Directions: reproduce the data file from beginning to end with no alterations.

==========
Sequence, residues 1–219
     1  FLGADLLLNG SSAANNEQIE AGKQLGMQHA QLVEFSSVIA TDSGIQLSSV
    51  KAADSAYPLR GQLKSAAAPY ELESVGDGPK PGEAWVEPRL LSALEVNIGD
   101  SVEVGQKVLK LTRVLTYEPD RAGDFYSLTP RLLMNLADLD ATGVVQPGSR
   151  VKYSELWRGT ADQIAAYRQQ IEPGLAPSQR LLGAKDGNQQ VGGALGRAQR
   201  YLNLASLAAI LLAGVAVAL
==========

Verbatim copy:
Sequence, residues 1–219
     1  FLGADLLLNG SSAANNEQIE AGKQLGMQHA QLVEFSSVIA TDSGIQLSSV
    51  KAADSAYPLR GQLKSAAAPY ELESVGDGPK PGEAWVEPRL LSALEVNIGD
   101  SVEVGQKVLK LTRVLTYEPD RAGDFYSLTP RLLMNLADLD ATGVVQPGSR
   151  VKYSELWRGT ADQIAAYRQQ IEPGLAPSQR LLGAKDGNQQ VGGALGRAQR
   201  YLNLASLAAI LLAGVAVAL